The world needs no introduction when the issue of this deadly coronavirus (COVID-19) pandemic is mentioned. It has been exactly a year now since the World Health Organization (WHO) declared this disease a global pandemic.
Since then, there have been a lot of reforms and changes in human activities for one to survive this disease. Unfortunately, this virus has claimed over 2 million lives and has affected over 120 million people globally. In this article, I will talk about Ghana’s case, the progress we have made, and the shortfall since the outbreak of the pandemic exactly a year ago.
For the past year, the world has suffered massively as the coronavirus pandemic has forced people to change their way of life and living. The way and manner in which the world saw and did things have changed. This is so because for one to be safe and secure from this virus, one needed to adjust his or her way of life and this is what we have lived with for the past year.
Background of COVID-19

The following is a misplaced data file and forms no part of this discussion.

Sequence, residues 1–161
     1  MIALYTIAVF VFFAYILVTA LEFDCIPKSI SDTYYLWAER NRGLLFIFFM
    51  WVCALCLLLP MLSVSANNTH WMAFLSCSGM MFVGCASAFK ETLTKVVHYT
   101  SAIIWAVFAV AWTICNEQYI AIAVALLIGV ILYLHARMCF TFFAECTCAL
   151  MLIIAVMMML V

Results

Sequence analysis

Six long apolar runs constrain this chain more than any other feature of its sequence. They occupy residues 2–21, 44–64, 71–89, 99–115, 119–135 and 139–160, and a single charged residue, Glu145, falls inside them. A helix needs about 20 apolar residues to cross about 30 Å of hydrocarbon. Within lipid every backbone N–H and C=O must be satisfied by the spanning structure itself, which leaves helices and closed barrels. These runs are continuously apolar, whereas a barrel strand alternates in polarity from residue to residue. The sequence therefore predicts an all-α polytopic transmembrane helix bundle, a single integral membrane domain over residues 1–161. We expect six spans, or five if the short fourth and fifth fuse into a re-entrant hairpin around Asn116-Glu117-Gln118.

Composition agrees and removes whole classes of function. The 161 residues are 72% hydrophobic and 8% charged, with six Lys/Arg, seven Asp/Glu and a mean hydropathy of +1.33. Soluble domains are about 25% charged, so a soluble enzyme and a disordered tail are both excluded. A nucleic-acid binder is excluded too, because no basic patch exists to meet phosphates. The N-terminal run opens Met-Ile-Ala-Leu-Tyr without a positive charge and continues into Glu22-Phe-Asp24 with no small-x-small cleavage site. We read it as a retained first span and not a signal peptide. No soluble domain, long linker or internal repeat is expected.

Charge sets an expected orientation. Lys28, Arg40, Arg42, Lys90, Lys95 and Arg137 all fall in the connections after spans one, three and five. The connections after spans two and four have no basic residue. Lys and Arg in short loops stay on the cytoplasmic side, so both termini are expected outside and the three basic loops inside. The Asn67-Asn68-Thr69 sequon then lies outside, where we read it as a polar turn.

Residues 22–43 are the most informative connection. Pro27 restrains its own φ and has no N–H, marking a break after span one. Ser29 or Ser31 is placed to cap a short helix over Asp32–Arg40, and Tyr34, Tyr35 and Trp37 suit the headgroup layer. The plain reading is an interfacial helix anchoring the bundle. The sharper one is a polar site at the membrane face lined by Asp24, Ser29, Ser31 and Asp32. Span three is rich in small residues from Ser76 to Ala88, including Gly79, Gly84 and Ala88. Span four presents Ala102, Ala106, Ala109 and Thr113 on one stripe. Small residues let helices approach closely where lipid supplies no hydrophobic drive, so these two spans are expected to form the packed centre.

I do not want to bore you with a lot of talks about the genesis of this whole pandemic but at least a little of it will suffice. On 17th December 2019, the first case of COVID-19 was recorded in Wuhan, a province in China.
On 31st December 2019, the first coronavirus-related death case was confirmed in Wuhan. This later came to be known as COVID-19. Since its emergence, the virus has caused the world to make some spontaneous radical changes and adjustments. The World Health Organization declared the outbreak a Public Health Emergency of International concern in January 2020.
The World Health Organization led by its Director-General Dr Tedros Adhanom Ghebreyesus on March 11, 2020, declared the novel coronavirus outbreak a global pandemic. Since that announcement by the Director-General, more than 120 million cases have been confirmed with over 2.5 million deaths. This makes it one of the deadliest pandemics in human history.
Ghana, like other countries, was not left off the hook with regard to this COVID-19 pandemic. The pandemic has hit the country hard and has exposed in many forms, its sectors. The pandemic has shrunk the economy and retard the growth the country was envisaged to have gained by end of the year 2020. A lot of things came to a standstill and many business opportunities became stillborn.
On Thursday 13th March 2020, the Ministry of Health, led by the Health Minister Mr. Kwaku Agyeman-Manu announced the confirmed two cases of the virus in the country. These 2 people had brought the virus with them from Norway and Turkey, respectively. After the announcement of the 2 cases, the country has witnessed a lot of changes.